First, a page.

Walk into your nearest game store and grab the first half dozen titles off the shelf, and we’ll bet that Skyrim has more content then the lot of them combined. Hell, grab a whole row, and there’s still a good chance that Skyrim will beat whatever it’s put up against because just about the only thing not in this game is the kitchen sink.
Already, a fair few features across the web have cropped up highlighting Skyrim’s various, and hilarious glitches, so at Piki Geek we’ve decided to go a different path and showcase some of Skyrim’s best Easter eggs instead. Here are ten of our favorites. Be warned, though, minor spoilers abound throughout.
10. M’aiq the Liar
If you’ve played any of the Elder Scrolls series since Morrowind than chances are you already know who we’re talking about. For the uninitiated M’aiq is Khajiit who likes to run around Tamriel spouting weird nonsensical comments, generally while referring to himself in the third person. Specifically though, they’re comments that reference the development cycle of the game, all told completely in character.
For example, when you hear him say “M’aiq carries two weapons, to be safe. What if one breaks? Where could they have gone?” He’s talking about Skyrim introducing dual-wielding and removing the ability for weapons to degrade over time.
Rather than completely breaking through, M’aiq instead straddles the fourth wall, offering the player a chance to peek behind the scenes without intruding on the game’s immersion.
Although it can be quite hard to track him down – at least until enough man hours are put into the game to work out his pattern – if you happen to run into M’aiq enough times you’ll learn a lot of interesting trivia about Skyrim, including that at one time Bethesda were considering adding werebears to the game.
Seriously, Bethesda, why the hell would you take out werebears?
9. The Sweet Roll Joke
The humble sweet roll must have some important significance in the Bethesda offices, as Skyrim marks the third time the confectionery sweet has been used in a Bethesda release, making pretty much the same joke every time.
In Morrowind, it was part of the personality test you take at the character creation screen, asking what you would do if someone stole your sweet roll. Then during Fallout 3’s introduction, someone actually goes ahead and steals one from you during your childhood birthday party. Now, in Skyrim, guards will occasionally ask if someone stole your sweet roll in a mocking tone.
And what if they did, asshole? You’d be pissed as well.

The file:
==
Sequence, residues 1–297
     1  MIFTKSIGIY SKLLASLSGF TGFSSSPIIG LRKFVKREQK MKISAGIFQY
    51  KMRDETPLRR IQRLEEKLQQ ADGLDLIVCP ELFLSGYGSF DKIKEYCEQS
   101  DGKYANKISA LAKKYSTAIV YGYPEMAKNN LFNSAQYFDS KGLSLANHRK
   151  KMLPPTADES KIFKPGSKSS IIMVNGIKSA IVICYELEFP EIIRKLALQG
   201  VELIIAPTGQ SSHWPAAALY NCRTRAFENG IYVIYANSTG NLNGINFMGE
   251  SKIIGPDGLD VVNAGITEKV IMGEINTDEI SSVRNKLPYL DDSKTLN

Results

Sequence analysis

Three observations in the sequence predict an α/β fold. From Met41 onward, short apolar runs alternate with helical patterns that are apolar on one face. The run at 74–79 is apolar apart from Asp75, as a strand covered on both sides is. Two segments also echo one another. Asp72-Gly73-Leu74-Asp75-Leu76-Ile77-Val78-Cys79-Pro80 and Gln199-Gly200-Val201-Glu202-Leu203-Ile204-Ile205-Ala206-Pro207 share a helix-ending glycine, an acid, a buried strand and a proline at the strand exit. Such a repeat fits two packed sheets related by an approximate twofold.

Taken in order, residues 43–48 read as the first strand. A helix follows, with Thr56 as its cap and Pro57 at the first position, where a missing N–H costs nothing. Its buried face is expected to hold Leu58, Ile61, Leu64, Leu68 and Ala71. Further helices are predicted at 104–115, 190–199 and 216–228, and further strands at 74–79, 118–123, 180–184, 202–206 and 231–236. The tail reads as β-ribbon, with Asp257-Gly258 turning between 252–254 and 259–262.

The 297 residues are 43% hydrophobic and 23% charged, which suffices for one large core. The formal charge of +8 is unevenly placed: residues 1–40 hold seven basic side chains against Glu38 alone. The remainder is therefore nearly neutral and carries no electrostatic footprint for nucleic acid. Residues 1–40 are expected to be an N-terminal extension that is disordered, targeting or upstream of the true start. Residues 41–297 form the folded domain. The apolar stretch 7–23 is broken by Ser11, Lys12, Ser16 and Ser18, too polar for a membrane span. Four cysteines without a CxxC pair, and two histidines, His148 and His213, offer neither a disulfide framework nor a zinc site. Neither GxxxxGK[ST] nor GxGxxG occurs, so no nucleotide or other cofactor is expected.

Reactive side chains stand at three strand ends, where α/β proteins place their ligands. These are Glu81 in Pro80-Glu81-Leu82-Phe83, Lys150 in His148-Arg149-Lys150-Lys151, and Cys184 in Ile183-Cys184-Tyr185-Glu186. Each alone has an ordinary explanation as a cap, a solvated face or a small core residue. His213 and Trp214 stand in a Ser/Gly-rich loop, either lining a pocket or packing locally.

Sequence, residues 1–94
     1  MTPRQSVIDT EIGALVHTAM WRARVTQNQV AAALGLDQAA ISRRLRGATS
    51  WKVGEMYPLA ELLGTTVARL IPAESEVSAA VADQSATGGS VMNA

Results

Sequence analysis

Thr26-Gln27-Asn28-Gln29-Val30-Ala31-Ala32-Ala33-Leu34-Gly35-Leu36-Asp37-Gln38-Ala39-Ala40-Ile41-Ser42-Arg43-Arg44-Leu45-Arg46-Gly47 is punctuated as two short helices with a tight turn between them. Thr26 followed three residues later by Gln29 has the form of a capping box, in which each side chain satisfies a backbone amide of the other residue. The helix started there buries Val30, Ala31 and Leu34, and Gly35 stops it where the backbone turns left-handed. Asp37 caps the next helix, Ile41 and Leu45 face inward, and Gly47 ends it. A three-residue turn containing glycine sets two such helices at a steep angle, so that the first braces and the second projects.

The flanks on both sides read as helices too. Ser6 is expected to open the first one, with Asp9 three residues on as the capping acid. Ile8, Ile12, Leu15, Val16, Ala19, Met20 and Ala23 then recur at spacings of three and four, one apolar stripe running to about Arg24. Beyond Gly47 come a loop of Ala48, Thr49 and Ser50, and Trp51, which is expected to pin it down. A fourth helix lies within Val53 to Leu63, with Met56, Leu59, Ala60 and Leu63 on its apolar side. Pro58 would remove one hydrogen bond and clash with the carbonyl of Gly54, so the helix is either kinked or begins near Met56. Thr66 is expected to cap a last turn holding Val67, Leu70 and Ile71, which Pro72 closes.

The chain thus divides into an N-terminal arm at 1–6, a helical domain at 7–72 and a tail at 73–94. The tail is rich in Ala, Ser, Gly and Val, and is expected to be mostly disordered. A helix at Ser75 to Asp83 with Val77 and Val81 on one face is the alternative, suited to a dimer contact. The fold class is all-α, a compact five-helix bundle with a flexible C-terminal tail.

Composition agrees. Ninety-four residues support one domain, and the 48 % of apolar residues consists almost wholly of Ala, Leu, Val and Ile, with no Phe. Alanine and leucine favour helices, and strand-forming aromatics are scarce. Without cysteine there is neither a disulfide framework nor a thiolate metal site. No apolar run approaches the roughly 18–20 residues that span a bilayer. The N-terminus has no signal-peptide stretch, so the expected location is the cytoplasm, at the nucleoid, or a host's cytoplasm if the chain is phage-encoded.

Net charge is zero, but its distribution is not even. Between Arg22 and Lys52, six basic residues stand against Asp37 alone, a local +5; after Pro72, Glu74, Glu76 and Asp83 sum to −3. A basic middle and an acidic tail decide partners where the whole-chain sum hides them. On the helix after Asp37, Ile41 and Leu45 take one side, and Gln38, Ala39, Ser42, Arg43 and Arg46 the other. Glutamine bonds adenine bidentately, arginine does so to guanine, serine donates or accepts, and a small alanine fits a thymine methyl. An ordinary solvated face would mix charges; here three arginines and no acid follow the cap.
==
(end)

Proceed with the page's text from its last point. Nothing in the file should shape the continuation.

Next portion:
8. Historical References
It hardly takes a college education to see the similarities between the Imperial Legion and its historical counterpart, the Roman Legion. They share similar uniforms, similar ranks, even the same stubby short swords favored by Legionnaires. Allusions to the Roman Empire continue in the identity of the man who leads the Imperial Legion in Skyrim, General Tulius, whose round, wrinkly, and balding head bears a striking resemblance to the real life Marcus Tulius Cicero, the famous Roman orator and statesman better known simply as Cicero.
Almost as important as the Romans are to the make up of Tamriel’s Imperials is the British Empire. It’s fitting, since both empires shared a number of similarities. If you think of the Romans as providing the aesthetics for the Imperials, then their actions come from the British – and not simply in the fact that a majority of Tamriel’s population speak in various English accents.
Head to the city of Solitude in the far north you’ll come across across the East Empire Company, both an obvious reference to the East India Company that operated during the height of the British Empire and an indicator as to the Imperials’ methods of power, namely control of trade and the sea.
7. The Legend of King Arthur
Continuing the theme of English influence, elements of the legend of King Arthur play a part in the land of Skyrim, albeit in a minor way.
Head west of Whiterun to come across a misty lake from in which you’ll see a sword held aloft by a skeletal hand. Doesn’t take much to pick out a reference to the Lady in the Lake, though evidently devoid of her legendary beauty.
Next, if you drawn a line between Karhwasten (near Markarth) and Rorikstead (due west from Whiterun) and head to the point roughly in between, you’ll come across Devil’s Cairn, a cave in front of which rests a pile of rocks and a sword perched point first at the top. If you think you’re the chosen one then go ahead and grab that sword in the stone.
High Hrothgar, temple home of the Grey Beards, takes it name from the 6th century Danish King immortalized in the anonymous work, Beowulf. Your average English schoolboy should spot that one.
Meanwhile the popular American folktale of the headless horseman rears its… um, that won’t work, the headless horseman gallops headlong… err… the Headless Horseman appears in Skyrim. There, whatever.
A third tale, familiar to children on both sides of the pond, is that of the Three Billy Goats Gruff, who escaped the feasting intentions of a hungry troll with wit, guile, and just a wee bit of cruelty. A stone bridge on the way towards Markarth features the dead troll beneath, and on either end three goats wait to run off in unison.